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Ewan Maalerud

Ewan Maalerud

Ewan is part of the Digital Customer Experience team for SAP Analytics Cloud, based in Vancouver, Canada. He’s passionate about data analytics and communicating the value of using data to optimize business outcomes.

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Stories in SAP Analytics Cloud are where your data comes to life. It’s where raw data becomes powerful visualizations, helping you identify key influencers driving your performance and make better data-driven decisions about your business. Stories are made up of one or more pages, each containing various charts, graphs, tables, widgets, and other visual elements.

In this post, we discuss some of the best ways to tell stories in SAP Analytics Cloud.

Choose a design

When creating a new story, you have the option to start with a blank canvas or to choose from one of our preformatted templates. There’s value in both.

  • Blank canvas gives you ultimate control and freedom to design your story any way you like. You don’t have to follow any particular structure or format, you’re free to place your charts, graphs, tables, and images anywhere.
  • Templates allow you to dive in and begin telling your story immediately. They’re a good option for those looking for an out-of-the-box professional look and who may not necessarily want to spend extra time with design.

story templates SAP Analytics Cloud

Choose the right data visualizations

There’s no right or wrong way to tell a story, that’s entirely up to you; however, there are right or wrong chart types. For instance, pie / donut charts have a particular use and are good for visualizing parts of a whole. Whereas a time-series chart is ideal for analyzing trends over time.

For help choosing the right chart, please refer to our Chart Type Guide.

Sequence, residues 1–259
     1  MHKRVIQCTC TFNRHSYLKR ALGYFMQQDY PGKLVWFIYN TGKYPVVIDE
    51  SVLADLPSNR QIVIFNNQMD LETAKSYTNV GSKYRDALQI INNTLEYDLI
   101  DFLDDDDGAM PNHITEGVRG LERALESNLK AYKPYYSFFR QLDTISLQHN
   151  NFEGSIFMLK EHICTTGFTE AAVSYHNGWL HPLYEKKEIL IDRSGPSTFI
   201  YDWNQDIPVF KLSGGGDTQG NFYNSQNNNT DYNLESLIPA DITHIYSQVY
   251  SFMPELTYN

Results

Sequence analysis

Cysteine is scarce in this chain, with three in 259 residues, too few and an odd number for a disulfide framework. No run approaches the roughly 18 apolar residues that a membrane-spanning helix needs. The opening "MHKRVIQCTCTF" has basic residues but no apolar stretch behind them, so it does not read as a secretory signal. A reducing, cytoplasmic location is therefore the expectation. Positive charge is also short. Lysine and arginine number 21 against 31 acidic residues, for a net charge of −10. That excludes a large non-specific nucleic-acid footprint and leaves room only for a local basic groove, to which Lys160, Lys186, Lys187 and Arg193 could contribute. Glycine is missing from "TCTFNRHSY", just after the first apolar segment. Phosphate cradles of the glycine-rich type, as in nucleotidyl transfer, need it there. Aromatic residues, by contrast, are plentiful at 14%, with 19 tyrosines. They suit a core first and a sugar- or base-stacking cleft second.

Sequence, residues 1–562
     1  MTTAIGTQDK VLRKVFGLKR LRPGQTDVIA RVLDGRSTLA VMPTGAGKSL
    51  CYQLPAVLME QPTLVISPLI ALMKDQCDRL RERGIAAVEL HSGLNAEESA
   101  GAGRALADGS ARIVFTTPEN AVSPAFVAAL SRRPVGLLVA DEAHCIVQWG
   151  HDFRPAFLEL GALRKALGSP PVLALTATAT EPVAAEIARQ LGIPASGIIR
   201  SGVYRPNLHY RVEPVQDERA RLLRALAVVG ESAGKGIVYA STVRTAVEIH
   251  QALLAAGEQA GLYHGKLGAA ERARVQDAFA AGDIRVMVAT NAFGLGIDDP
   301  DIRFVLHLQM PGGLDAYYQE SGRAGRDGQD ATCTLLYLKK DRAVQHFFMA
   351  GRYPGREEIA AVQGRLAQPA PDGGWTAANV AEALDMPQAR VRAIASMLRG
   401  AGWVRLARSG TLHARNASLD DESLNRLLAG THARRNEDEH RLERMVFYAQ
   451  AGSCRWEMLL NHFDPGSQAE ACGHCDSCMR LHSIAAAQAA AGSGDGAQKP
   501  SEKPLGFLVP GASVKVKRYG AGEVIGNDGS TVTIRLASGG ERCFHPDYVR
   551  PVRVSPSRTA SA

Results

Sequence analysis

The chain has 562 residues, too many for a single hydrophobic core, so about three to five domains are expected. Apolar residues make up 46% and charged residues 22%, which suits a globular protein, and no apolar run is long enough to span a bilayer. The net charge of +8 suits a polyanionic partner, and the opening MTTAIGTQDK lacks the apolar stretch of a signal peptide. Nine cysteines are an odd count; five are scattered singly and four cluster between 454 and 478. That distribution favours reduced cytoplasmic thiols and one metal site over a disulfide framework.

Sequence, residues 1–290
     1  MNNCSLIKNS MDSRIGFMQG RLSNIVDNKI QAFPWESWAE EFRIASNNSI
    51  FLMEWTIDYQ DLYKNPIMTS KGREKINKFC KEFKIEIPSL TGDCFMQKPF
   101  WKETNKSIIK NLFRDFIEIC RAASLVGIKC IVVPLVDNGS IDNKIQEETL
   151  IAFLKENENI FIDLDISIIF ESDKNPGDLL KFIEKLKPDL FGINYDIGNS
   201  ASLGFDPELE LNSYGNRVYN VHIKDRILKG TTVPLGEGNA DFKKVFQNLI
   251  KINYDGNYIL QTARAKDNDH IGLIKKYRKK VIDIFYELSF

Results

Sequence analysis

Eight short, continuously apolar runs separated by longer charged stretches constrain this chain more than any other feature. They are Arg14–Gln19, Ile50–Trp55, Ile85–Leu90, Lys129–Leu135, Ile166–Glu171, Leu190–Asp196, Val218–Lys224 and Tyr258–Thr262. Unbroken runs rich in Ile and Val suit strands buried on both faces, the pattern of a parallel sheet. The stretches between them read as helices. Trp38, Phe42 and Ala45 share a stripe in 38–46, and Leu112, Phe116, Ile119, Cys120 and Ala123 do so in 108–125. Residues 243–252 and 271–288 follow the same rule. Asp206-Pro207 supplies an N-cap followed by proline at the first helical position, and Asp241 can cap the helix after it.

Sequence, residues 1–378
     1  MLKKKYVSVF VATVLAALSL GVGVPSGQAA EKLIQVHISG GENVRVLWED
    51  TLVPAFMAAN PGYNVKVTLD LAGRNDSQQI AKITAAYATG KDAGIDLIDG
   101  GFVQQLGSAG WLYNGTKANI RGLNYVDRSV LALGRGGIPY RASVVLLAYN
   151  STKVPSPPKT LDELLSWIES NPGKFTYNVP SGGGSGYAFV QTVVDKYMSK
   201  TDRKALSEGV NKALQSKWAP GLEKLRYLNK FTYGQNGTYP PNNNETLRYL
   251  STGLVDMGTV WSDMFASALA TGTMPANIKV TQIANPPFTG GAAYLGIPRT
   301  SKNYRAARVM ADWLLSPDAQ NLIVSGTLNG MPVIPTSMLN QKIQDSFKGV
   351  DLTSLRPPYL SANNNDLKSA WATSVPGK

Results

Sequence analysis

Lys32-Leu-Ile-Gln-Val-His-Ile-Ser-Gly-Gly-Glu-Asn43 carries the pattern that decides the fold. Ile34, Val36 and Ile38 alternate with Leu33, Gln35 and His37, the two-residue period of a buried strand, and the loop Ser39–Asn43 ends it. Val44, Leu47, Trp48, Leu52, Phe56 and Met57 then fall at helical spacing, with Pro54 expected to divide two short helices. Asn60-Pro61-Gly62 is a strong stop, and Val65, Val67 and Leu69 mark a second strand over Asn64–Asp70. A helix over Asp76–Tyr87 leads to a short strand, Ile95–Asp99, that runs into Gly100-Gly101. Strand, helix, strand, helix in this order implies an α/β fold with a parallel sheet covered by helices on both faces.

Choose a direction

The best way to tell a story in SAP Analytics Cloud is to first define the information that’s of the highest priority. This will serve as the framework for how you layout your ideas.

The story above was intended to identify possible areas of growth for the business. It therefore made sense to have a geo-map as the focal point, a word cloud, and a time-series chart.

This tells a compelling story, defining neighborhood popularity, membership type, and monthly spend amount.

Keep it minimal

With the varying visualization types, the amount of data being shown to a user can be quite overwhelming. To ensure a user-friendly experience, ensure you leave plenty of white space to make the data digestible. Avoid using colors that are distracting and only use prominent shades when pinpointing or highlighting a specific point. Generally, more neutral colors will aid in creating an easy-to-read story.

Read left to right

As many cultures around the world are trained to read left to right, top to bottom, your stories should also follow this format. The first action or the most important element that you want your audience to focus on should be placed in the upper left corner of the page.

Group visualizations

Similar topics should be located next to each other so that they follow a logical format. As one topic flows nicely to the next, your story becomes more digestible.

Additional Resources

For more information about story design and using charts effectively, please check out our other posts.

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